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Page:Kosovo OSCE Legal System Monitoring Section Monthly Report - August 2008.djvu/2

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Understaffing of UNMIK Department of Justice and uncertainty regarding the deployment of the European Union Rule of Law Mission in Kosovo cause unnecessary delays in criminal proceedings and affect rights to liberty of detainees and to a trial within a reasonable time

The OSCE Mission in Kosovo (OSCE) is concerned that UNMIK Department of Justice understaffing and uncertainty regarding the deployment of the European Union Rule of Law Mission in Kosovo (EULEX) has resulted in significant delays in criminal proceedings. This negatively impacts the rights of defendants to a trial within a reasonable time and to liberty for defendants in detention on remand.

1. Background

Under UNMIK Regulation 2000/64, as amended, "[f]or the purpose of ensuring the independence and impartiality of the judiciary and the proper administration of justice" the prosecutor, accused or defense counsel may request the UNMIK Department of Justice for an assignment of international prosecutors or judges or a change of venue in criminal proceedings. Thus, many serious criminal cases, including those involving allegations of war crimes or interethnic violence, involve international prosecutors and judges. The UNMIK Department of Justice is currently handling 82 cases involving 198 defendants where an indictment has been filed. 2 It was anticipated that after 15 June 2008 UNMIK Department of Justice would gradually transfer its competencies to another institution. 3 In light of this development, on 21 April 2008 the UNMIK Department of Justice sent an internal email entitled "Clarification of Processing and Handling of Cases" instructing that judges shall "continue to process cases and assign judges to the next step of the proceedings in new and pending cases so long as the in-court proceedings, e.g. confirmation of the indictment, judgment, etc., can be completed no later than 14 June 2008."4 It is now expected that with the reconfiguration of UNMIK, 5 the Department of Justice will transfer some competencies, including executive authority in criminal cases, 6 to EULEX. 7 Although UNMIK held "discussions [with EULEX] on future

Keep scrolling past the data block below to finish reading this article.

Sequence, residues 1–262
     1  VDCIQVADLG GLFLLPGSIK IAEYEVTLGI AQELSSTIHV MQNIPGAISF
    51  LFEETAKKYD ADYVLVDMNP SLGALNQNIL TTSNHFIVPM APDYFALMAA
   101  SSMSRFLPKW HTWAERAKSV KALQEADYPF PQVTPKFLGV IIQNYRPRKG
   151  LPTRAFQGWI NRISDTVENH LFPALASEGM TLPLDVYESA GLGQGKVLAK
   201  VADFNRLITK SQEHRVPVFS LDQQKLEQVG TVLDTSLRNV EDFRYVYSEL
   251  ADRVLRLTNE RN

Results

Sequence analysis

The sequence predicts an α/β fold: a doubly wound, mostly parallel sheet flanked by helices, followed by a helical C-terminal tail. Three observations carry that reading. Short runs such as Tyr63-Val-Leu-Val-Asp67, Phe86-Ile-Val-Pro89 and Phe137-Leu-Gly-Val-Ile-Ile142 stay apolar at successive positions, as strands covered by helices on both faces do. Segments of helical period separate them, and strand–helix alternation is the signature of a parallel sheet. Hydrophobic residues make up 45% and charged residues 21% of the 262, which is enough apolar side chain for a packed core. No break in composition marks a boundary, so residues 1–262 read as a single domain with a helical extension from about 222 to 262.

1 UNMIK Regulation 2000/64, On the Assignment of International Judges/Prosecutors and/or Change of Venue as amended by UNMIK Regulations 2001/34, 2005/50, 2006/60, and 2007/21.

2 DOJ Ongoing Case Transition Report No. 15, 31 July 2008. This figure does not reflect cases at the pre-trial stage.

3Initially, it was expected that EULEX would assume many of UNMIK's competencies. However, to date this has not occurred.

4Internal UNMIK Department of Justice e-mail of 21 April 2008.

5 See Report of the Secretary-General on the United Nations Interim Administration Mission in Kosovo, S/2008/354, of 12 June 2008, paragraph 19.

6 See Council Joint Action 2008/124/CFSP, On the European Union Rule of Law Mission in Kosovo, EULEX KOSOVO, 4 February 2008.

7 In its latest report to the Security Council, the UN Secretary-General stressed that since "UNMIK can no longer perform as effectively as in the past the vast majority of its tasks" it should "allow for the European Union to take on an increasing role in the rule of law sector" (Report of the Secretary-